Surya, senior teacher at Wsdo Nepal, Pokhara

Apsara, top waitress at Hotel Manang, Kathmandu

Apsara, top waitress at Hotel Manang, Kathmandu

Bijay, waiter at LakesideRetreat Pokhara, Pokhara

Bijay, waiter at LakesideRetreat Pokhara, Pokhara

Sunita, shop assistant at Wsdo Nepal, Pokhara

Sunita, shop assistant at Wsdo Nepal, Pokhara

Rustam, managing director of the best travel agency in Nepal, ABC Adventures, Kathmandu

Rustam, managing director of the best travel agency in Nepal, ABC Adventures, Kathmandu

Nanda, computer operator at Wsdo Nepal, Pokhara

Nanda, computer operator at Wsdo Nepal, Pokhara

The absolutely wonderful Ram Kali, founder of Wsdo Nepal, Pokhara

The absolutely wonderful Ram Kali, founder of Wsdo Nepal, Pokhara

Anup, International Manager at Wsdo Nepal, Pokhara

Anup, International Manager at Wsdo Nepal, Pokhara

Friendly snake, Pokhara

Friendly snake, Pokhara

Tej, owner of LakesideRetreat Pokhara, Pokhara

Tej, owner of LakesideRetreat Pokhara, Pokhara

Pradeep and Prem, Kathmandu

Pradeep and Prem, Kathmandu

Parmeshwor, laundry owner, Kathmandu

Parmeshwor, laundry owner, Kathmandu

Kuber, maintenance man who can fix anything at Hotel Manang, Kathmandu

Kuber, maintenance man who can fix anything at Hotel Manang, Kathmandu

Ganesh, waiter at LakesideRetreat Pokhara, Pokhara

Ganesh, waiter at LakesideRetreat Pokhara, Pokhara

Friendly elephant, Pokhara

Friendly elephant, Pokhara

Prem, world's best tea maker, Kathmandu

Prem, world’s best tea maker, Kathmandu

Sunil, at Pilgrim's Book House, Kathmandu

Sunil, at Pilgrim’s Book House, Kathmandu

Raju and Prajen, Hotel Manang, Kathmandu

Raju and Prajen, Hotel Manang, Kathmandu

Raju, senior receptionist at Hotel Manang, Kathmandu

Raju, senior receptionist at Hotel Manang, Kathmandu

Krishna, shop owner, Kathmandu

Krishna, shop owner, Kathmandu

Mukesh, the yak shawl man, Kathmandu

Mukesh, the yak shawl man, Kathmandu

Krishna, best waiter ever, at Hotel Manang, Kathmandu

Krishna, best waiter ever, at Hotel Manang, Kathmandu

Mahesh, bell captain at Hotel Manang, Kathmandu

Mahesh, bell captain at Hotel Manang, Kathmandu

Friendly dragon, Hotel Manang, Kathmandu

Friendly dragon, Hotel Manang, Kathmandu

Pradeep, world's best driver, Kathmandu

Pradeep, world’s best driver, Kathmandu

Mukund, scarf and shawl expert, Kathmandu

Mukund, scarf and shawl expert, Kathmandu

Deepika, receptionist at Hotel Manang, Kathmandu

Deepika, receptionist at Hotel Manang, Kathmandu

Prajen, receptionist at Hotel Manang, Kathmandu

Prajen, receptionist at Hotel Manang, Kathmandu

Henary, internet cafe owner, Kathmandu

Henary, internet cafe owner, Kathmandu

Delicious veg thukpa at Mustang Thakali Chulo, Kathmandu

Delicious veg thukpa at Mustang Thakali Chulo, Kathmandu

Dipika, receptionist at Hotel Manang Kathmandu

Dipika, receptionist at Hotel Manang Kathmandu

Shatrudhan and his daughter Neha, from Mithaila Women Craft, Kathmandu

Shatrudhan and his daughter Neha, from Mithaila Women Craft, Kathmandu

Archana, from Mustang Thakali Chulo, the best thakali food in the world, Kathmandu

Archana, from Mustang Thakali Chulo, the best thakali food in the world, Kathmandu

Milan from Mustang Thakali Chulo, Kathmandu

Milan from Mustang Thakali Chulo, Kathmandu

Sanjiv, from Mustang Thakali Chulo, Kathmandu

Sanjiv, from Mustang Thakali Chulo, Kathmandu

Subarana from Unique Cargo, Kathmandu

Subarana from Unique Cargo, Kathmandu

Kedar the wonderful mask maker, Kathmandu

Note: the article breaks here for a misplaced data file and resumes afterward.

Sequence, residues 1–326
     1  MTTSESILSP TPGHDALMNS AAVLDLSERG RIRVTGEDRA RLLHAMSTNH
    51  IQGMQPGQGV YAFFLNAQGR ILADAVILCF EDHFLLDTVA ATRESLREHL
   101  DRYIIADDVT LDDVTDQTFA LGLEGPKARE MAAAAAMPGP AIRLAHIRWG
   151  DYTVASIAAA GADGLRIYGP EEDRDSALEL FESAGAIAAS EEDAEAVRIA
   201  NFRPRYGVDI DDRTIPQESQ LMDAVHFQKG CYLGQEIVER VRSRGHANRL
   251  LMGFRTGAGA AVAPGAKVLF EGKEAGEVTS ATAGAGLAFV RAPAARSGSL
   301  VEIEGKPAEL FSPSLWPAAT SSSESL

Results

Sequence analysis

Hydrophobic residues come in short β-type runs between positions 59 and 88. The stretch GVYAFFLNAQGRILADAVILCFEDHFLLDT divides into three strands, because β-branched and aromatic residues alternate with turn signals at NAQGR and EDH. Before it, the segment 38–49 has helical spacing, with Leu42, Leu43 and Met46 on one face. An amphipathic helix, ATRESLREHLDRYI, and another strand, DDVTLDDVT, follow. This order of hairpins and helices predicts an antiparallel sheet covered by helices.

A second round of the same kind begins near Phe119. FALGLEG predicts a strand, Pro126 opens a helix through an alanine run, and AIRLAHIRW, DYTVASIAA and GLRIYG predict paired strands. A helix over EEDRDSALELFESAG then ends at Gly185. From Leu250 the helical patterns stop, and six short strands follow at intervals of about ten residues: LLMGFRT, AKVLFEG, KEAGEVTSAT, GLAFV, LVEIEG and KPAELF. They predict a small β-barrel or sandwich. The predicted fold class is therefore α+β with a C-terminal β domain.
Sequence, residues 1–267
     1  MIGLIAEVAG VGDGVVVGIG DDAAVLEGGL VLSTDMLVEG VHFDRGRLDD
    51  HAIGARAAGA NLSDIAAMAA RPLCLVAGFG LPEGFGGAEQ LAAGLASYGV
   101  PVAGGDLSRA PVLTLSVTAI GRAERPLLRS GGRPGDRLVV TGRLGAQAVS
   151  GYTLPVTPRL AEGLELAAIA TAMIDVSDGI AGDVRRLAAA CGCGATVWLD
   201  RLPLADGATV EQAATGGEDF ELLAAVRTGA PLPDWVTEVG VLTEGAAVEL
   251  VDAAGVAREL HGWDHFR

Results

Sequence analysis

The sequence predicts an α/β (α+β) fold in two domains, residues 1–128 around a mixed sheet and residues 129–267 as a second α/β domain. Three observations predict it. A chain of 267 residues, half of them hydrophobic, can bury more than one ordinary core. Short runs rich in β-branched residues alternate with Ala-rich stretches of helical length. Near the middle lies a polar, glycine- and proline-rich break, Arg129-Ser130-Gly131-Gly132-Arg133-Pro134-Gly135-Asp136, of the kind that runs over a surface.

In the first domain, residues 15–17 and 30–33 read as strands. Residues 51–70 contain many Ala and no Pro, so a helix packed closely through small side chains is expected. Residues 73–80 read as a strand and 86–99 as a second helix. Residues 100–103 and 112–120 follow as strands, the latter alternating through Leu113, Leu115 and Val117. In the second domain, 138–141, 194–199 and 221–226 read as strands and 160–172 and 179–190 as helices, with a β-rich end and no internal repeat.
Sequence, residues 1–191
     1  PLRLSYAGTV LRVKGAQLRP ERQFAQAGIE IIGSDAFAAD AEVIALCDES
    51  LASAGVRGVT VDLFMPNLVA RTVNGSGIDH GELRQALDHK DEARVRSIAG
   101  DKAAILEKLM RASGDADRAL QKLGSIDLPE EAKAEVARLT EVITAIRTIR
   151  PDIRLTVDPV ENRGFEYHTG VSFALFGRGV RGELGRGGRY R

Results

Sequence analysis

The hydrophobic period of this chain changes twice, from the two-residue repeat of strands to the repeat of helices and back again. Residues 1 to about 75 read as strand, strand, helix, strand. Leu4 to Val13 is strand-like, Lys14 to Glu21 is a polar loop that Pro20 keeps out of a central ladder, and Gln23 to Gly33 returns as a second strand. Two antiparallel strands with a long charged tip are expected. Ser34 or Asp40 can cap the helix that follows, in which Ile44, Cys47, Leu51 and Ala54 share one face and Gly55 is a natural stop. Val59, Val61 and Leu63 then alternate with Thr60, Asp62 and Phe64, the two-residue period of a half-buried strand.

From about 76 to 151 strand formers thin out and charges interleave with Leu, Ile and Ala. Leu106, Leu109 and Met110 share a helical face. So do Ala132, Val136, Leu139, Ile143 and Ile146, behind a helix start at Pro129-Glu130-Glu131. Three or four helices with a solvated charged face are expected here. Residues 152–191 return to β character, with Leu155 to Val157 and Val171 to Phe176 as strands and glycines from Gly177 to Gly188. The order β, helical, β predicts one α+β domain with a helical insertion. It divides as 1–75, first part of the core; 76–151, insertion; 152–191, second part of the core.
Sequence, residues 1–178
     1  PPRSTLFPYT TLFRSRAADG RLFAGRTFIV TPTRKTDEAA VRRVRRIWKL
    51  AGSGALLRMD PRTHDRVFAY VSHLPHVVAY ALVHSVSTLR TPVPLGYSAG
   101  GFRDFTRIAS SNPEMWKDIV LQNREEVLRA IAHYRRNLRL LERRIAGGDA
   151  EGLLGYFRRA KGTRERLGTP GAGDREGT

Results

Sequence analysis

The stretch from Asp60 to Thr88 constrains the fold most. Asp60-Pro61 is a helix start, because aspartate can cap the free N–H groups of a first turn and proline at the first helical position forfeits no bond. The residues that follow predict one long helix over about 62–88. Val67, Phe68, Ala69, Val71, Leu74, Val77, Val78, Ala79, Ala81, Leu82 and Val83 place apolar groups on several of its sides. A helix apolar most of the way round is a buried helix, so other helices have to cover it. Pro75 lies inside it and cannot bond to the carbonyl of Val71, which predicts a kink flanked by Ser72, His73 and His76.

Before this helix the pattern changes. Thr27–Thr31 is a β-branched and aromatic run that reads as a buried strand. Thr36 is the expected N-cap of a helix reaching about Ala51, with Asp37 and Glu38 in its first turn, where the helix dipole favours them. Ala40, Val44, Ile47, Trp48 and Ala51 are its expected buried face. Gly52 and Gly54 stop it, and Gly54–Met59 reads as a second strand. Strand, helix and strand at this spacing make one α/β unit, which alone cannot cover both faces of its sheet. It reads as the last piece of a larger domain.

Kedar the wonderful mask maker, Kathmandu

Ramesh, world's best F&B manager, from Hotel Manang, Kathmandu

Ramesh, world’s best F&B manager, from Hotel Manang, Kathmandu

Suresh, world's best Operations manager, from Hotel Manang, Kathmandu

Suresh, world’s best Operations manager, from Hotel Manang, Kathmandu

Gyanu, from Hotel Manang, Kathmandu

Gyanu, from Hotel Manang, Kathmandu

Nirmal, Saroj and Adarsh from Unique Cargo, Kathmandu

Nirmal, Saroj and Adarsh from Unique Cargo, Kathmandu

Ananta from Amrita Crafts, Kathmandu

Ananta from Amrita Crafts, Kathmandu

Kiran from Amrita Crafts, Kathmandu

Kiran from Amrita Crafts, Kathmandu

Dibya from Paper Park, Kathmandu

Dibya from Paper Park, Kathmandu

Mum with Deven, actor, model, lyricist, the owner of the Manang Hotel, Kathmandu and, most importantly, our very good friend

Mum with Deven, actor, model, lyricist, the owner of the Manang Hotel, Kathmandu and, most importantly, our very good friend

My second home

In January 2006 I went over to Nepal for a 10-day holiday and loved it all so much that I went back to live there, moving back to London in June 2007. I now visit at least once a year, and Nepal has become a second home to me. It’s just one of those places that gets under your skin.

Ason market

Ason market in the heart of Kathmandu

Friends who have come with me have liked it, but it hasn’t had the same effect on them. The only person who had a similar reaction was my mum, and she now comes over with me on every trip. We also run a small business bringing over craft items, which we then (try and!) sell at local markets over here. Our main, and favourite, market is the lovely Duck Pond (www.duckpondmarket.com) – we have been at the Ruislip version since the second market, and we now also have a stall at Pinner.

I am off back to Nepal on Sunday for 18 days (not like I’m counting or anything!), and am also fitting in a 5-day trip to Bhutan. It’s only 45 minutes on an amazingly scenic plane trip. Hopefully I will get to see Everest again too 🙂

It will be our first trip back since the earthquake in April 2015 so it’s going to be good to see friends again. We had a panicky few days trying to locate people, but Facebook worked wonderfully well, allowing people to tag other people who they knew were okay. Most of our friends were incredibly lucky, but we do know that others weren’t. It’s going to be great, but it’s also going to be sad. I’m just glad we have the luxury of being able to go back.

Fishtail mountain in Pokhara

Fishtail mountain in Pokhara